You can take the Bodhisattva’s journey yourself. Take it with me.

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Posted in buddhism, Uncategorized

The Three Yanas

These are the three Yanas, or the three great sects, of Buddhism.

If we’re going to compare the three yanas to western religion, I think the appropriate thing is to liken them to the three Abrahamic faiths, Judaism, Christianity, and Islam. Although they have essentially the same foundation, those religions have some big differences. Buddhism is the same way. And just like those religions, Buddhism has many many subsects within the three yanas. We can’t suggest that these yanas are 100% separate, as each of them does penetrate the others a little. Vajrayana especially has lots of elements of the other two yanas within it. All three of these yanas have come to the west.

Hinayana is called “the path of the worthy ones”. It’s the oldest of the three yanas. It’s said that there were 18 hinayana sects and only one, Theravada (the way of the elders) has survived into the modern era. Hinayana is pragmatic and deep-rooted. It’s emphasis is on the core Buddhist teachings: the nature of the mind, meditation, suffering, impermanence, egolessness, personal development. It’s based on training in mindfulness, awareness, cultivating virtue and equanimity. It’s foundation is the refuge vow. Theravada Buddhism is mainly practiced in  Sri Lanka, Burma, Thailand, Cambodia, and Laos.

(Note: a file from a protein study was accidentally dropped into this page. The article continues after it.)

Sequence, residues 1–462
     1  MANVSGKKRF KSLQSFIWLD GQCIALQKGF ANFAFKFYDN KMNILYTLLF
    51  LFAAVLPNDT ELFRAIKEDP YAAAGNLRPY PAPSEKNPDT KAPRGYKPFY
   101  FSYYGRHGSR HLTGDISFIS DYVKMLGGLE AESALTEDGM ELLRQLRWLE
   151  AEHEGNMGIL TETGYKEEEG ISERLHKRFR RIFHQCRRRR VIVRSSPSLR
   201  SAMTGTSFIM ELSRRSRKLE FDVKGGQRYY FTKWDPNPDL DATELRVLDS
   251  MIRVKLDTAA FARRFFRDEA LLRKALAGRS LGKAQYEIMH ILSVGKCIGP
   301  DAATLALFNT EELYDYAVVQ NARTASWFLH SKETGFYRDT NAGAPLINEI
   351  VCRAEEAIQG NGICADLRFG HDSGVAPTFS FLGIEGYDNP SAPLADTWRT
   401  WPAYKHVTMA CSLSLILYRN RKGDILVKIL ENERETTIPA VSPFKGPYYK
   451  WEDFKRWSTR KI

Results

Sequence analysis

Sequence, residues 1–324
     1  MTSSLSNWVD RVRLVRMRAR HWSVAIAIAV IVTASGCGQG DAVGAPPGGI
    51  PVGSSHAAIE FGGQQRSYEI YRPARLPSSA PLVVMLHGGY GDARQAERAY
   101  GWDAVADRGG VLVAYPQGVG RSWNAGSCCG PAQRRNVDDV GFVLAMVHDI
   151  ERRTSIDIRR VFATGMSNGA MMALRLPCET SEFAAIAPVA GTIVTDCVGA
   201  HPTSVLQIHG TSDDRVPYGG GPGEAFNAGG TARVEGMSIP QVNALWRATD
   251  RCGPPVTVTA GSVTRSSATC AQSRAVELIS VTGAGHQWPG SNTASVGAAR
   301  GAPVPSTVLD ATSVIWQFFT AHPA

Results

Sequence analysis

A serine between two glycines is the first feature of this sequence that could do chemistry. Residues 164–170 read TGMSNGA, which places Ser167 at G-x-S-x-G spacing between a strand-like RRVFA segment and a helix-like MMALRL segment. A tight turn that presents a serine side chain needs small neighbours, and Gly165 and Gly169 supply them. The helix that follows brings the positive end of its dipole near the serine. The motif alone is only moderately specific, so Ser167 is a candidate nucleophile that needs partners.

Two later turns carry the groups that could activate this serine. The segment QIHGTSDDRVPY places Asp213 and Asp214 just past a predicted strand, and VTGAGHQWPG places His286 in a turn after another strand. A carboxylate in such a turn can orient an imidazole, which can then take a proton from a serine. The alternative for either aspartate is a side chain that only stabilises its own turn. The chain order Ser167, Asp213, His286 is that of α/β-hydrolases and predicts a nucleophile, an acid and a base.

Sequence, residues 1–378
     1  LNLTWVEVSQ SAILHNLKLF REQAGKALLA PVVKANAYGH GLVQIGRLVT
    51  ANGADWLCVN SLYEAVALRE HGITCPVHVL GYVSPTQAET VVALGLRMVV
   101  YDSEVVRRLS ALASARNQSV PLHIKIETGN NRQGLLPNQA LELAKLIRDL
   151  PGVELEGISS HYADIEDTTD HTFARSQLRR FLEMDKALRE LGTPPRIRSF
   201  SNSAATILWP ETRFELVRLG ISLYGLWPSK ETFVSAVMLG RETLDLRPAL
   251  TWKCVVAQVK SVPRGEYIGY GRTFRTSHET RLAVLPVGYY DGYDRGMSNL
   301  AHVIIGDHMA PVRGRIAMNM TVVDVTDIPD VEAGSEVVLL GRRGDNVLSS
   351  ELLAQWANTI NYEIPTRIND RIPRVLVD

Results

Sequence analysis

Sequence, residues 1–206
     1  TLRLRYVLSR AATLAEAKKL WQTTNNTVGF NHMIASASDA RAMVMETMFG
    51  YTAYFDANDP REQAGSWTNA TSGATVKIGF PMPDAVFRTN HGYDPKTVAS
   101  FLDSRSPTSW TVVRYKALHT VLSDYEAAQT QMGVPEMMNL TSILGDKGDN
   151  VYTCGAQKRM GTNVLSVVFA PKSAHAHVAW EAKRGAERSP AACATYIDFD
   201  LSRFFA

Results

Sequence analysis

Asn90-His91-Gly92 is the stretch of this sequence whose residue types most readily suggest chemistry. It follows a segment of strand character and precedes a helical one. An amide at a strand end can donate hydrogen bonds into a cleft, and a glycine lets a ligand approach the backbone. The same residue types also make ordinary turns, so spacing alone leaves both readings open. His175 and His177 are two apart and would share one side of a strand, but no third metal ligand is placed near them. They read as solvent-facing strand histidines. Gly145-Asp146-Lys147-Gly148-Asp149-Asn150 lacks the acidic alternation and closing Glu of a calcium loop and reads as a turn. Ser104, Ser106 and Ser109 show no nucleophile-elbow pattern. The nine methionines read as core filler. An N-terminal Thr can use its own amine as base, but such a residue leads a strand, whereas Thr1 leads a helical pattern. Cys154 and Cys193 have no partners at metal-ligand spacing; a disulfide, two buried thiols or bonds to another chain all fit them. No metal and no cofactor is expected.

Mahayana is called “the path of the awakened beings”. It’s the biggest of the three yanas and there are numerous sects within the Mahayana, to name a few: zen, pure land, tendai, nichiren, and many many others. It’s founded upon the premise of combining wisdom and compassionate action. It’s about serving and saving others. In the Mahayana we cultivate wisdom through the view of emptiness. We practice lojong (mind training) based on cultivating the six perfections; generosity, virtue, patience, diligence, concentration, and wisdom. It’s foundation is the bodhisattva vow. It’s mainly found in China, Japan, Korea, Singapore, and Vietnam.